In this respect, the Council of Europe’s basic texts – i.e. the European Charter of Local Self-Government and the Reference Framework for Regional Democracy (endorsed by the Committee of Ministers of Council of Europe) - realise a balance between central imperatives and peripheral realities, between national sovereigntyand regional self-government. They are in fact based on some essential democratic principles:
Regional self-government means more than just decentralising government departments. It entails the popular election of a regional deliberating assembly and the existence of an executive answerable to that assembly. Regionalisation entails close co-operation with local authorities, participation in central government decisions, and representation in the European institutions. It implies giving the regions financial resources and the powers to manage them.
It is of course difficult to specify in a universally accepted way how powers should be allocated. In all countries there are opposing schools of thought on how the principle of subsidiarity should be applied in practice.
In order to help the creation of regions, we can always be guided by the general criterion of transferring the decision-making level closer to the citizen. This has been considered the fundamental criterion for the redistribution of powers. The subsidiarity principle, introduced by the European Charter of Local Self-Government, mentions precisely: "Public responsibilities shall generally be exercised, in preference, by those authorities which are closest to the citizen. Allocation of responsibility to another authority should weigh up the extent and nature of the task and requirements of efficiency and economy."
We are convinced that regionalisation provides a guarantee that central governments’ objectives are achieved more effectively and more economically,
All these are basic components of democracy embodied in regionalization.
We do not ignore the European Union integration process, in which the regions want to participate. Even in the framework of the principle of subsidiarity as conceived by the European Union, the regions can act as important partners for the governments in the construction of Europe. Progress in this field needs the support and the positive attitude of the regions, as more and more political decisions at European level have their repercussions at regional level and have a direct impact on regional competencies.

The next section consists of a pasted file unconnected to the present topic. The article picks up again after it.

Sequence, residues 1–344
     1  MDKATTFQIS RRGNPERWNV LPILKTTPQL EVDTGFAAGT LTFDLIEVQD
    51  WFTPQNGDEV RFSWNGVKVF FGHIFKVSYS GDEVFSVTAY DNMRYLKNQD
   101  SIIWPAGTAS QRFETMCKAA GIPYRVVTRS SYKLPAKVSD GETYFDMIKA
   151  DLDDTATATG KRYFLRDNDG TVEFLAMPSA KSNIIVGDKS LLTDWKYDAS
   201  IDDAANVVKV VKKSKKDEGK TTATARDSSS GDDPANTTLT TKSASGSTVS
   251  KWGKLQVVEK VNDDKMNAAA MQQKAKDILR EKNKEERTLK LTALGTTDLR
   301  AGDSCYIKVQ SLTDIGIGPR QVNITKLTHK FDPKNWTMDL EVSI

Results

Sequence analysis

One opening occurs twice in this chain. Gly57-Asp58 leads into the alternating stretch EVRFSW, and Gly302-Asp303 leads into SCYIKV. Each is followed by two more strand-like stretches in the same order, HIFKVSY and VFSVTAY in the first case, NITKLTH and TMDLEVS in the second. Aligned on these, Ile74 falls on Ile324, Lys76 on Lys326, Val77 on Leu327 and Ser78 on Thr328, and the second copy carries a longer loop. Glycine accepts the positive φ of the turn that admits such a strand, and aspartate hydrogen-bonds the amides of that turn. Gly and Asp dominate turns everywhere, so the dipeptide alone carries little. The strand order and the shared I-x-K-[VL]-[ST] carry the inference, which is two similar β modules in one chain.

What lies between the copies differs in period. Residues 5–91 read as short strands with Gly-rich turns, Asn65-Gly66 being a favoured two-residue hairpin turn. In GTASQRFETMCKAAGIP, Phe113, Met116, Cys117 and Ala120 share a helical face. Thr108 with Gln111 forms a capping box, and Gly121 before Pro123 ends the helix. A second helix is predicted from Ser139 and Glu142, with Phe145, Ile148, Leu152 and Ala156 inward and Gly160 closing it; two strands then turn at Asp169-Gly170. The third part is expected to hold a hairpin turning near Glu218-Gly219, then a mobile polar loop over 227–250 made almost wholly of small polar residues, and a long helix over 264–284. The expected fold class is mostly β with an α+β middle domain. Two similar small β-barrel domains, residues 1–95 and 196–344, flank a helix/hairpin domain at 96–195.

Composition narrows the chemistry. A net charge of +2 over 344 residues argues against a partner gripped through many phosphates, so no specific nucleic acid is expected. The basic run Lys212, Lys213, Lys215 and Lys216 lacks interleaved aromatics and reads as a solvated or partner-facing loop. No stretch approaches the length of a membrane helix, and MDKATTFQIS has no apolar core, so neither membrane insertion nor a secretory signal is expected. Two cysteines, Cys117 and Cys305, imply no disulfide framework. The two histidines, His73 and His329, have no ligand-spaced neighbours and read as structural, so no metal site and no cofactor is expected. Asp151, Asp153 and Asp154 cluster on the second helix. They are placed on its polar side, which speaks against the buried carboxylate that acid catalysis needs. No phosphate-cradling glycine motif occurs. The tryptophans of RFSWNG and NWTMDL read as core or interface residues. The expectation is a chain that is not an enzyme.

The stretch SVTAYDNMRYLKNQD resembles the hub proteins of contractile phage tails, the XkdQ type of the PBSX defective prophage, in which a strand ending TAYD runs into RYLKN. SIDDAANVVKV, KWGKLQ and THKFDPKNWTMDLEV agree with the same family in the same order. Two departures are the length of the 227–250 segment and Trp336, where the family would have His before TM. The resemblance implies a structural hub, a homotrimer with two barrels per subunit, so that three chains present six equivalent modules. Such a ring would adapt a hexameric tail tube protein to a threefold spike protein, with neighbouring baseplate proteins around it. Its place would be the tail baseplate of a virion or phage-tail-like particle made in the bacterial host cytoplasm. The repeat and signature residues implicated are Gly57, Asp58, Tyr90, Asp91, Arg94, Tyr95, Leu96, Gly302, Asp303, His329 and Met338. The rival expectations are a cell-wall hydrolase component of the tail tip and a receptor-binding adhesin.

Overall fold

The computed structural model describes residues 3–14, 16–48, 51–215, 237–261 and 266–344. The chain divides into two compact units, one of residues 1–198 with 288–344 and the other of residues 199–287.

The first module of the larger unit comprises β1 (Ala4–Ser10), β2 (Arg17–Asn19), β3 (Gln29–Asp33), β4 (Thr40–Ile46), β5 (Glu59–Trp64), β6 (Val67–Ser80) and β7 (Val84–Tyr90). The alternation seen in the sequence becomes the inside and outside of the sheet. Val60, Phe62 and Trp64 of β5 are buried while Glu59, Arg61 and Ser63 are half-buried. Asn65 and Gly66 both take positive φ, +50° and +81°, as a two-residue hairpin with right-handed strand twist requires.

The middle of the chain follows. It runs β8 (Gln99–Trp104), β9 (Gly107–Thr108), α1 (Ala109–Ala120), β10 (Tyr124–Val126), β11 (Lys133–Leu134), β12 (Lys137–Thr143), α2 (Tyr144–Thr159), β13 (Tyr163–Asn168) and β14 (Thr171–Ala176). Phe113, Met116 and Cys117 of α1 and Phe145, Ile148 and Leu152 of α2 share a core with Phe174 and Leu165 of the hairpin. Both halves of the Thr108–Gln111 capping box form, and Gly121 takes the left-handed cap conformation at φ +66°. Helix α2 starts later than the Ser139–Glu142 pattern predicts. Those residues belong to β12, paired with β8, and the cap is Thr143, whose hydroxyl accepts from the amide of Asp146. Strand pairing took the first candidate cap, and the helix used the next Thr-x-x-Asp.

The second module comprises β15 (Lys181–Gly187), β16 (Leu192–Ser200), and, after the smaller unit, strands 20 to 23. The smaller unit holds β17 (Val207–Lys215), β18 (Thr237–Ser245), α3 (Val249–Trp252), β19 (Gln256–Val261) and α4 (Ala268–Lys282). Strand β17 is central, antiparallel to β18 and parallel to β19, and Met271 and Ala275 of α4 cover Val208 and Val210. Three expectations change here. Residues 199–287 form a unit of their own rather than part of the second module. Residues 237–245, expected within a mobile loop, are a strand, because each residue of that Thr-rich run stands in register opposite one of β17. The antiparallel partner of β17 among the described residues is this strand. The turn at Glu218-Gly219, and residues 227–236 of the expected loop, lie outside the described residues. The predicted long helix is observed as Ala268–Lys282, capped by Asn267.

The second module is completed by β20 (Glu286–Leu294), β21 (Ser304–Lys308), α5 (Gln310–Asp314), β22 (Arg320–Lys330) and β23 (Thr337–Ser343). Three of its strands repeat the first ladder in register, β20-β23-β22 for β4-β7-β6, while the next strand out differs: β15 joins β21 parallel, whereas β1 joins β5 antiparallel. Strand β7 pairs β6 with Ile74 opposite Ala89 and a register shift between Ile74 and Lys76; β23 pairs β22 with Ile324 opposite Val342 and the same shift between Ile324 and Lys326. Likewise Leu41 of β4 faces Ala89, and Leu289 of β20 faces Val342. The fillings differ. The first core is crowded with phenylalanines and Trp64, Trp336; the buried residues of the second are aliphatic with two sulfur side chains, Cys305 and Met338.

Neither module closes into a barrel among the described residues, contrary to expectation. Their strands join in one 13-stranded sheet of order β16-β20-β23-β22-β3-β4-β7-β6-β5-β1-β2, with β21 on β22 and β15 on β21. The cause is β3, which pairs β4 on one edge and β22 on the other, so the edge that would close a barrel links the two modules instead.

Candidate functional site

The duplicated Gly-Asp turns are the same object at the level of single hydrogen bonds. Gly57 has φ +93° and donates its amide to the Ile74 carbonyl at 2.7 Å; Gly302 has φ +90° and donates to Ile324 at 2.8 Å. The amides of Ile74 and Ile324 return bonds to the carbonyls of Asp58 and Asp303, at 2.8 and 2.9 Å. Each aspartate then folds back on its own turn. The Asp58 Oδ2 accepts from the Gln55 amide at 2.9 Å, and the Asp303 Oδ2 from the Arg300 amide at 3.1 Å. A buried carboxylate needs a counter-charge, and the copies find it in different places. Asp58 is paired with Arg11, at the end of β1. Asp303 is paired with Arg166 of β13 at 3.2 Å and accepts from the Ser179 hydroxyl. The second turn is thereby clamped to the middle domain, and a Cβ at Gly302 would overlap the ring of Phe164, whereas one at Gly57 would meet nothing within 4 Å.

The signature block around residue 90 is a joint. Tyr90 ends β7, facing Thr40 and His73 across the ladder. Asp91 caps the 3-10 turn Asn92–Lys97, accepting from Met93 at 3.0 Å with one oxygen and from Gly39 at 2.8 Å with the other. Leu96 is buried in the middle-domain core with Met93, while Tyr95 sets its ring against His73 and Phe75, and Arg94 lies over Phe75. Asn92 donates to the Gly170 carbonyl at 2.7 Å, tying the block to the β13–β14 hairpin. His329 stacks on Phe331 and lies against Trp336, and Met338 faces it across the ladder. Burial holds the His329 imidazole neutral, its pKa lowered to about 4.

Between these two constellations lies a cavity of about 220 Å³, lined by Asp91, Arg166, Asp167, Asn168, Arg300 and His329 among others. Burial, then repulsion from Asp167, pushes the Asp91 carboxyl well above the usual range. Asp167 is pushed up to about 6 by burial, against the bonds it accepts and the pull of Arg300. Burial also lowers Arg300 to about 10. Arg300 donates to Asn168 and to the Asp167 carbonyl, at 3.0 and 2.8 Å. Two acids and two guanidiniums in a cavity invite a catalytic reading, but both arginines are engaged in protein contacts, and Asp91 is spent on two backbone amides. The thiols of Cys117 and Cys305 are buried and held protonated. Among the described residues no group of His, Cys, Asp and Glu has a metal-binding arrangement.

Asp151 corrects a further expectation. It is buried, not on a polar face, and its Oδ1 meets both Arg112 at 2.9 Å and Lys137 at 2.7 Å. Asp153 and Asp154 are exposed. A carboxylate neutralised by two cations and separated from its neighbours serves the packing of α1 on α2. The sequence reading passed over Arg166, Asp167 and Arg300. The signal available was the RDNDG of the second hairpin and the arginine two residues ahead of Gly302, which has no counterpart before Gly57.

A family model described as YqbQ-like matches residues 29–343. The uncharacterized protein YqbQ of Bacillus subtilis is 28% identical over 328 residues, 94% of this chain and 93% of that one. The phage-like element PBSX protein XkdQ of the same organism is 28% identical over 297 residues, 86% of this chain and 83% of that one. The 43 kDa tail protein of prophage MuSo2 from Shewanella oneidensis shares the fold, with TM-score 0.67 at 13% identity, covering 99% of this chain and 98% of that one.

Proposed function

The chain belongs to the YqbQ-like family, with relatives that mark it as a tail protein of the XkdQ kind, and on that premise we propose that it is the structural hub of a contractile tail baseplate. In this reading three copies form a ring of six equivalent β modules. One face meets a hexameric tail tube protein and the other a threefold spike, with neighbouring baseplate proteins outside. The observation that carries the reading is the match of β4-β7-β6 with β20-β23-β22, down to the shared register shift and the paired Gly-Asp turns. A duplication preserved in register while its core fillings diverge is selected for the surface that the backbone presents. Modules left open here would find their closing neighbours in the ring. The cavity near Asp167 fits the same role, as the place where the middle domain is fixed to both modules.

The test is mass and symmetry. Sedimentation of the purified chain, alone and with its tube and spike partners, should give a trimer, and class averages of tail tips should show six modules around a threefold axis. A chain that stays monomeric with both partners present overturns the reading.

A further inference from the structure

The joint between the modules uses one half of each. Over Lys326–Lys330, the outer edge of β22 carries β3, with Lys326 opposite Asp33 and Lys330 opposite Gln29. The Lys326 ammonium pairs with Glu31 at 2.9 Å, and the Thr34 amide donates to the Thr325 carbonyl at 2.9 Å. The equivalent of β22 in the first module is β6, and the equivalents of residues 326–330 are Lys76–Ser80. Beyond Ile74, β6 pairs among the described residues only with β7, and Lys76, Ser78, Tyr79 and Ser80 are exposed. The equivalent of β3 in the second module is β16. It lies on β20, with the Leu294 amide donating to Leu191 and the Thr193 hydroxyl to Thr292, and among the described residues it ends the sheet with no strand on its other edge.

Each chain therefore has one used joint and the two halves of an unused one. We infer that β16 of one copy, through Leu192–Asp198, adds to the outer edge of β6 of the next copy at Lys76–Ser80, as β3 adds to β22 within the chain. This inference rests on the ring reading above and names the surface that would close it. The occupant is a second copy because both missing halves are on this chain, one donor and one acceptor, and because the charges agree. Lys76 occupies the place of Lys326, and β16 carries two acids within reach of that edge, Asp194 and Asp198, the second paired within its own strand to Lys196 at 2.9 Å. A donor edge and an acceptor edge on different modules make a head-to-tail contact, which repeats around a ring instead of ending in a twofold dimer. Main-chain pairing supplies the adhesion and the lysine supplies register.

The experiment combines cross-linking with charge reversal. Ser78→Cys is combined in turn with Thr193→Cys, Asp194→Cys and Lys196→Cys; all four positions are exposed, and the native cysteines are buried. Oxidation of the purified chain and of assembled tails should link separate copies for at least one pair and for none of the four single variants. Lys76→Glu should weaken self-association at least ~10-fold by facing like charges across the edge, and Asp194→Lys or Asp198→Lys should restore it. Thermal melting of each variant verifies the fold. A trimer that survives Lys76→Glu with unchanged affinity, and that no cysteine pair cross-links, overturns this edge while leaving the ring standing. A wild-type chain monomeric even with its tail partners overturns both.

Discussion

It is important to have regions that dispose, as far as possible, of the competencies and the characteristics mentioned above. Once these characteristics are acquired, it would be desirable to make the regions benefit of the EU funding supports.
New initiatives are under analysis in several states for strengthening or creating regional or decentralised structures. Political and parliamentary debates are under way in various central and eastern European countries but also in several western countries. We hope that regions will increase their competencies and accentuate their characters.
Decentralisation, regionalisation and federal structures are different steps of the same process: the final objective is to bring political and administrative structures nearer to the citizens in order to strengthen democracy and to respect cultural and ethnical diversity and heritage. If Europe will progress in this matter, this will be a step forward for the implementation of democratic and efficient states and for the establishment of welfare and peace.